I've read, listened, followed, and learned quite a bit since then, improving my skills and tracking down "the right" kind of projects. There is a Customer Education revolution about to explode. But the idea of customer education is far from universally accepted.
Part of a technology company's success is created through providing top-notch educational content for customers and potential customers. Rob Castadenda, founder of CEO and ServiceRocket, said at the Business of Customer Education track at Gainsight Pulse in May 2017 - "Customer education is a proactive way to help customers be successful with your products from the start." A recent job posting by Box explains the current customer education revolution so well: "The emergence of the Customer Education field is the result of the pervasiveness of SaaS businesses and their need to prove their products' value to customers. The old Learning & Development parameters are no longer sufficient to drive product adoption."
The right content (delivered live or online) can bolster a customer's successful onboarding and engagement with the product, so customers can get maximum value from your product. That also means expansions or referrals, as well as the renewals a subscription-based company needs to thrive.
But it may be hard to find the right person who can create this content, especially in a way to leverage similar content for different purposes or stages along the customer journey.
In an ideal world, you've got your Customer Education role(s) reporting under Customer Success, and Customer Success in constant communication and alignment with other areas of the company that use customer-facing educational materials, like Sales and Marketing. You'd have a repository of knowledge and content ideas shared across the company, such as in Evernote Business shared notebooks, which could quickly and easily be re-purposed for different needs with a single-source mindset.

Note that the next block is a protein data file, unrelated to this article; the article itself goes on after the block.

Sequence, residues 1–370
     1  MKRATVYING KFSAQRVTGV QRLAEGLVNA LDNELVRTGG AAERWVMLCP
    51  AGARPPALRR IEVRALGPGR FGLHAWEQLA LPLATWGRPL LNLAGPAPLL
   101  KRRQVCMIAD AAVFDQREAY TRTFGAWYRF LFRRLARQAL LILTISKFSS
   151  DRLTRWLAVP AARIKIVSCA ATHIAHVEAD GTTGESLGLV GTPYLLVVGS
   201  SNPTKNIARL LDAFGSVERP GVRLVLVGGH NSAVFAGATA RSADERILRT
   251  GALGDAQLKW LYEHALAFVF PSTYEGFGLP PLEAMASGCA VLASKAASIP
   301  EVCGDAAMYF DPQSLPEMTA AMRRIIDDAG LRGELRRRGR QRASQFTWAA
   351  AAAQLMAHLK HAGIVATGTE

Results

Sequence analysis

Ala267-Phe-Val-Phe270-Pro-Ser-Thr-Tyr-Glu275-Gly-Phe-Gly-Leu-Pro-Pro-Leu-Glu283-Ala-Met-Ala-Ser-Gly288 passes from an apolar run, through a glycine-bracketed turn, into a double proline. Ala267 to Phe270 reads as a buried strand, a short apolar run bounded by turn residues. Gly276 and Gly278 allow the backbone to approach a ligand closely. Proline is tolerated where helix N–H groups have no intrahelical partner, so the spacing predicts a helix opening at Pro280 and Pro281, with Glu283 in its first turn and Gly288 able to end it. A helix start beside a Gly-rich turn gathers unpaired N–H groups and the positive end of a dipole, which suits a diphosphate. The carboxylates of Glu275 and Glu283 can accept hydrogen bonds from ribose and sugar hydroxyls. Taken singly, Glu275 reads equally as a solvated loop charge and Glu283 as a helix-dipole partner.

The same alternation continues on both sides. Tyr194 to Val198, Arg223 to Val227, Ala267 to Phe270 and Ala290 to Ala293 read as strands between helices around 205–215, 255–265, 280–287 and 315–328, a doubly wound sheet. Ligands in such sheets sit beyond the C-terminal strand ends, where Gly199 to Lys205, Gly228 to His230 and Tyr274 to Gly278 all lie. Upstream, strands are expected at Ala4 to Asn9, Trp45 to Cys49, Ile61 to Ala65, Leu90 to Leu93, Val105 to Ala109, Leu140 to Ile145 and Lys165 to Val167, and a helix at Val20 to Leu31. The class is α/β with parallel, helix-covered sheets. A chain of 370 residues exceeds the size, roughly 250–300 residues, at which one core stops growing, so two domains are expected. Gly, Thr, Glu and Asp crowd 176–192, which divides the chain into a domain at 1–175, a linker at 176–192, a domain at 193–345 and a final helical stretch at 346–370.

But we don't live in an ideal world.
I've been monitoring the types of jobs that incorporate customer education since I put that stake in the ground for my own career, and am amazed at the inconsistency in what I find in this exploding discipline. Recently, over a period of two weeks, I identified 29 different titles (for 35 different current job postings available on LinkedIn, both entry-level and leadership levels) that included developing customer education content as most of or a significant portion of the job responsibilities. These range from the more obvious "Customer Education Specialist" role to various sales, success, and product-related titles. Some companies graft titles from the learning and development world, like instructional designer, but I suspect those are more mature companies with the need for specialized roles. Other companies seem to create their own titles that incorporate the shared responsibilities and blended roles required in a fast-paced tech company.
It's a wonder that tech companies find the content development skills they need in potential hires, and that people with those skills find the companies who need them.
Julia Borgini had a great article to help with identifying what companies should look for in the person who develops the content for the customer education building the foundation of customer success. She calls the role "Learning Designer." To summarize, her top recommended skills and competences are:
Julia closes by saying it may be difficult to find one person who demonstrates all of these skills (though, to toot my own horn a little, I know it's possible). Make sure to evaluate your goals to determine what kind of content you need for where you are in your company journey.
Adam Avramescu says "I like to say 'we are all educators' when it comes to making customers successful." But he believes that Customer Education is the in title that will stick as time goes on - be it Customer Education Content Developer or Director of Customer Education - and that some existing L&D titles like instructional designer will stick around as specialty roles.
If you haven't already, make Customer Education a part of your organization's plans for obtaining, onboarding and retaining customers with the content to help your users succeed.